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The feast of Ascension

The feast of Ascension must raise thoughts of heaven, to be with the Lord Jesus in His glory and to be with all the holy saints of God. The desire for heaven is something that we must cherish in our life. Our Father St. Francis de Sales tells us how some of the saints died in acts of Love for God or of longing for heaven:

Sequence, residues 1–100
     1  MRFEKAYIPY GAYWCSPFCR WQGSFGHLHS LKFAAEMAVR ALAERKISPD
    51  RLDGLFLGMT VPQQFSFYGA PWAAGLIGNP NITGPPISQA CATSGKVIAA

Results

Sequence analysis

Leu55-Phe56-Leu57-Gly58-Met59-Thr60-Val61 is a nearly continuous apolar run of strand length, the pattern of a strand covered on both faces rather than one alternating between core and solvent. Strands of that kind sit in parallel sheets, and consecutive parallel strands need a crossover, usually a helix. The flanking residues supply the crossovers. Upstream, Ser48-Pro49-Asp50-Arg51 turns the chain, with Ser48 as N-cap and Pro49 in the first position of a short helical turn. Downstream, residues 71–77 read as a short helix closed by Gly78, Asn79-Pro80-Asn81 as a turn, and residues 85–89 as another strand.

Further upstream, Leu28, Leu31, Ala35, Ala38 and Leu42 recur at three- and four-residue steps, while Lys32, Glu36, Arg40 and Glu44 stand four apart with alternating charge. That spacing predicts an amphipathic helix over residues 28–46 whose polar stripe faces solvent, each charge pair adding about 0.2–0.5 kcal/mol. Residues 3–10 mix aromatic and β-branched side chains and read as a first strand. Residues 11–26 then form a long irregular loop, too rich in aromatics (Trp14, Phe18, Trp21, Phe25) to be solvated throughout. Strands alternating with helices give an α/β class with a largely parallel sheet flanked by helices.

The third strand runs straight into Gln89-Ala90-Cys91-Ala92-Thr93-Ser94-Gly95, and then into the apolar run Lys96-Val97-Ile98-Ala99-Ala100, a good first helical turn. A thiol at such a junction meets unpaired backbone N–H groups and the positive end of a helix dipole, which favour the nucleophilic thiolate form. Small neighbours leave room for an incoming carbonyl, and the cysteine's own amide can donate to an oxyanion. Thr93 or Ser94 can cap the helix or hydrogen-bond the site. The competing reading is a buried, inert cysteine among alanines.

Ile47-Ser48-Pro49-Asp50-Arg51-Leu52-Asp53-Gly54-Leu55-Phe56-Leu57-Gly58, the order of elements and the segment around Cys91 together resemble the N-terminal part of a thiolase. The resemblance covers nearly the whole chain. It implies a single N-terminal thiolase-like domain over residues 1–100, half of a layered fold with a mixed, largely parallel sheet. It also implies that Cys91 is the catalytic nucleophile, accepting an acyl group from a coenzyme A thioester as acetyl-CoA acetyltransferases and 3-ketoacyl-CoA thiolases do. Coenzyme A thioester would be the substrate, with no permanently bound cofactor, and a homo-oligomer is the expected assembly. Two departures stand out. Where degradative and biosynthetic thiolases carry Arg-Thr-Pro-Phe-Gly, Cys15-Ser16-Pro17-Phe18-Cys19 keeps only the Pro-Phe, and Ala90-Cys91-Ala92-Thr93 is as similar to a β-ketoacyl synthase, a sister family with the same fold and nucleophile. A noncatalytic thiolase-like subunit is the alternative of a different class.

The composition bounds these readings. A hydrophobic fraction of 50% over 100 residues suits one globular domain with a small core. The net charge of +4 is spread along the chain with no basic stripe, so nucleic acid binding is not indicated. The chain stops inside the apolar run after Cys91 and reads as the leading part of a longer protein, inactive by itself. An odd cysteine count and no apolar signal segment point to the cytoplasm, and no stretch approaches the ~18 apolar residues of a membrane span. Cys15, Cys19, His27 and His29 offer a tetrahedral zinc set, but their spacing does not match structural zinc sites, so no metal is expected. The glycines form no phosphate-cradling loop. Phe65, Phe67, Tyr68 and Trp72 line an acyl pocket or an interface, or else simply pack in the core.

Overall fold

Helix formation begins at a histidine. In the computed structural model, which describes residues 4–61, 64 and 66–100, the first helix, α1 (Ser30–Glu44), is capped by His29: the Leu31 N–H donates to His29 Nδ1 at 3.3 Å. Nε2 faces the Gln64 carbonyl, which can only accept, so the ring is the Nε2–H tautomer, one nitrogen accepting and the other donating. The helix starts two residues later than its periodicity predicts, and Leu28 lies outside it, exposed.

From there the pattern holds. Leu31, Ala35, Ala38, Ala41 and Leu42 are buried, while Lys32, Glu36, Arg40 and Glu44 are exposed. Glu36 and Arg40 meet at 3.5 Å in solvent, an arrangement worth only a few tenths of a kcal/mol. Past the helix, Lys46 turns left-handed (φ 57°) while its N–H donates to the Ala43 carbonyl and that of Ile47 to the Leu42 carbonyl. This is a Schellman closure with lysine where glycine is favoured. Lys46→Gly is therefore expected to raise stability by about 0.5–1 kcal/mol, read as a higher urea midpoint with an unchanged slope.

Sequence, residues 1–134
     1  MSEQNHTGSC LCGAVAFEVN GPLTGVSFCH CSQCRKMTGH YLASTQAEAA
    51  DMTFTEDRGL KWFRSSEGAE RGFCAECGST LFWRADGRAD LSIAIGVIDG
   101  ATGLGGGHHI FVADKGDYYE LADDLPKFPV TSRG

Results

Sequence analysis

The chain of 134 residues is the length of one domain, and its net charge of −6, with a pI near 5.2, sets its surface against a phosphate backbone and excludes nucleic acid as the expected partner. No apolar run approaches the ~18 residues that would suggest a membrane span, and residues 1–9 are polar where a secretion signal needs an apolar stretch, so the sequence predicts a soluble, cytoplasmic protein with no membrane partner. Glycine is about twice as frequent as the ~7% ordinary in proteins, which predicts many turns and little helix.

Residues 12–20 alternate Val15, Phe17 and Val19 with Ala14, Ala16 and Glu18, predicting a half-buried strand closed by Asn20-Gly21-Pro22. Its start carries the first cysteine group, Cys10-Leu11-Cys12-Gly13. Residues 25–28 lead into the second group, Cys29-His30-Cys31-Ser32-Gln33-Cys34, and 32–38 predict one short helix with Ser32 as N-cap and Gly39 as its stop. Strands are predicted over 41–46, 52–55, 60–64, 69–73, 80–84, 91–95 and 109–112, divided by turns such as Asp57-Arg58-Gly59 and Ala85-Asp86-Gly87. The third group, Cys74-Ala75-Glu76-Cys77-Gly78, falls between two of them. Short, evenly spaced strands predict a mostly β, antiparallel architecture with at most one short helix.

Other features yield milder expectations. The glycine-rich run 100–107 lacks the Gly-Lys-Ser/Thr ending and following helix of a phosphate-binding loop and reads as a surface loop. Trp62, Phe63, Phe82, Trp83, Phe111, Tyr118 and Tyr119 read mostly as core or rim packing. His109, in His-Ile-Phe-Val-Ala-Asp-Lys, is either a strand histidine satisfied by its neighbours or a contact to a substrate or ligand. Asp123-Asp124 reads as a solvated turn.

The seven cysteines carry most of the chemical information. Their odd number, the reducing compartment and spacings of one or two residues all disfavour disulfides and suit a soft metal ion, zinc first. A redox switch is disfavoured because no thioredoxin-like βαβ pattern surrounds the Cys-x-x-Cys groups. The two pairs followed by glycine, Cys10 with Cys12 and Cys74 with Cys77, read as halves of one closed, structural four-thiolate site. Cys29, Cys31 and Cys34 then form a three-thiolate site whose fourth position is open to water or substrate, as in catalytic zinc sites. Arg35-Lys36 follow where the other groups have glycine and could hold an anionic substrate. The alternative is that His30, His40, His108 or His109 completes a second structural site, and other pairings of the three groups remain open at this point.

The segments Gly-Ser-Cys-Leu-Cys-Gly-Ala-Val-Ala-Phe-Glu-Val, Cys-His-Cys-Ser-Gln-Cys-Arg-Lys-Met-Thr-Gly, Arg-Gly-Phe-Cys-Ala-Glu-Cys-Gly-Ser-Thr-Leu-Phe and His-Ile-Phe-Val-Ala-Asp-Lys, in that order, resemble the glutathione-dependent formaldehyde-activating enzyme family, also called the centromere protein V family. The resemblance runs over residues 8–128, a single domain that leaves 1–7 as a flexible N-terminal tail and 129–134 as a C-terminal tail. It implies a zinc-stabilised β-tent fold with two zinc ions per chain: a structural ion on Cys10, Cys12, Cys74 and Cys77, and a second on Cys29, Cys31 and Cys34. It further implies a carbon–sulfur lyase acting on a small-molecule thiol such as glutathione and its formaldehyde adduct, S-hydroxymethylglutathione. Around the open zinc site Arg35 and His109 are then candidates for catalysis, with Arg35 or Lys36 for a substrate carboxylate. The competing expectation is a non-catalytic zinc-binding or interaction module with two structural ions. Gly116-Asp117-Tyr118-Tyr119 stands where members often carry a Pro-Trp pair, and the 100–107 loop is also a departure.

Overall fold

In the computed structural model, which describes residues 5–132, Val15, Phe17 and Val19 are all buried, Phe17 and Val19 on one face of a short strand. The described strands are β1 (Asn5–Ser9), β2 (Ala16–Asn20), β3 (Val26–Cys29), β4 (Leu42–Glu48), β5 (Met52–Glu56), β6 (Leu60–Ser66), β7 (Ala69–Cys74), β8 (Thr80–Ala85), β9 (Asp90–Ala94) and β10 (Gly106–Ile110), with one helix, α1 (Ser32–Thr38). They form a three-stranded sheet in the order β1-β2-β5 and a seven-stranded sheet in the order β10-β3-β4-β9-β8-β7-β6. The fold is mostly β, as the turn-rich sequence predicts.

“Many saints, however, have departed this life not only in charity and with the habit of heavenly love, but even in the act and practice thereof. S. Augustine died in the exercise of holy contrition, which cannot be without love: S. Jerome exhorting his dear children to the love of God, of their neighbour, and of virtue: S. Ambrose in a rapture, sweetly discoursing with his Saviour, immediately after he had received the holy Sacrament of the altar: S. Antony of Padua after he had recited a 309 hymn to the glorious Virgin-mother, and while talking joyously with our Saviour: S. Thomas Aquinas joining his hands, elevating his eyes towards heaven, raising his voice very high, and pronouncing by way of ejaculation with great fervour, these words of the Canticles (the last which he had expounded): Come my beloved, let us go forth into the field, let us abide in the villages (Songs 7:12). All the Apostles and almost all the Martyrs died in prayer. The Blessed and Venerable Bede having foreknown by revelation the time of his departure, went to Vespers (and it was Ascension day), and standing upright, leaning only on the elbows of his stall, without any disease at all, ended his life at the same instant that he ended his singing of Vespers, as it were directly to follow his Master ascending unto heaven, there to enjoy the fair morning of eternity, which has no Vesper…” (Treatise on the Love of God, Book 7, Chapter 9).